Issue 1: Florian Ebner
1. How do your experiences as curator of the German Pavilion influence your current projects?
Florian Ebner: I think I have become more relaxed. The Biennale "hardens" you, I would say.
In the weeks before the opening, the pressure builds up enormously: the interview requests pour in, and at the same time everything has to be finished.
You learn to concentrate on the most important aspects, and if something does not work immediately- you learn to live with it.
That stands me in good stead in stressful times like these. The Folkwang Museum is currently featuring four completely different exhibitions, all of which have to be designed and organised at the same time.
What is more, I have remained faithful too Venice: in October, we'll present "Dancing with myself" at the Folkwang Museumm, a project with the Pinault collection and Martin Bethenod, the director of Palazzo Grassi in Venice.
And the exhibition series "with/against the flow", conceived together with the ifa, also takes up a perspective of the German Pavilion: how does artistic photography react today to a world of networked and incessantly shared images?
2. What, in your experience, should Biennale visitors have in their luggage?
Ebner: Mosquito spray, lots of water- drinking is good for concentration- and the ability to nap under a shady tree. That will refresh you! And the courage to skip certain exhibitions and programme features: It is impossible to see everything. Instead, you should concentrate on a few exhibitions and enjoy them for longer.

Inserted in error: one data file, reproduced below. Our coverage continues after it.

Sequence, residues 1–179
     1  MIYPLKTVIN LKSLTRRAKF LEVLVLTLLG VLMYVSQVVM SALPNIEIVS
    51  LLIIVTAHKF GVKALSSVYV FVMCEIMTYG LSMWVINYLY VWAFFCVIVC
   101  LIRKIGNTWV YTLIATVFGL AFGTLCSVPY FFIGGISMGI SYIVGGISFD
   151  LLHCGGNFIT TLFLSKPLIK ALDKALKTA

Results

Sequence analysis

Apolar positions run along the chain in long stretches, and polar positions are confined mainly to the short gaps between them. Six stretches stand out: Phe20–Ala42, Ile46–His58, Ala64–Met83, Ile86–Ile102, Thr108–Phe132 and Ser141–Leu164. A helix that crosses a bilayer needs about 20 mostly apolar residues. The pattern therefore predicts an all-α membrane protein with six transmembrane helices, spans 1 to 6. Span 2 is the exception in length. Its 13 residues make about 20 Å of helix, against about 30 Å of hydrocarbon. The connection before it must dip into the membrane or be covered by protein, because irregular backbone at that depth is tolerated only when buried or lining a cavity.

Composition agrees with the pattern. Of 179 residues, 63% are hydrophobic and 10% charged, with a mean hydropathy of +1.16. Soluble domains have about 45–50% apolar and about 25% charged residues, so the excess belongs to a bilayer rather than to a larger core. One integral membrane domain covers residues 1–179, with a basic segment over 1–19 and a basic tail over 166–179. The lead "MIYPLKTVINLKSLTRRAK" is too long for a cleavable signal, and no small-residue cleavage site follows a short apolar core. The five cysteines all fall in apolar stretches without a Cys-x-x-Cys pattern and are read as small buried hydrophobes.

3. Your insider tip: How to end a day in Venice?
Ebner: With a delicious pizza in "Dai Tosi", a small pizzeria just behind the Giardini grounds, or a visit to the Bagni Alberoni, an old, still left-leaning strip of beach in the far south of the Lido.
That was where Luchino Visconti shot in "Death in Venice". On long and warm summer evenings, that is the most beautiful place to end the day.
3 1/2. In 365 days, the Venice- Biennale 2017 will open its doors. Will you be there?
Ebner: A visit to the Biennale is simply mandatory. However, I do not know yet whether I will make it to the opening week. Every year, I look forward most to the country pavilions- to how the artists and curators adorn the same historical "vessels" and "scratch" at their history. It was an important decision to hold on to exploration, which allow us time and again to turn our attention to the space and to our individual history.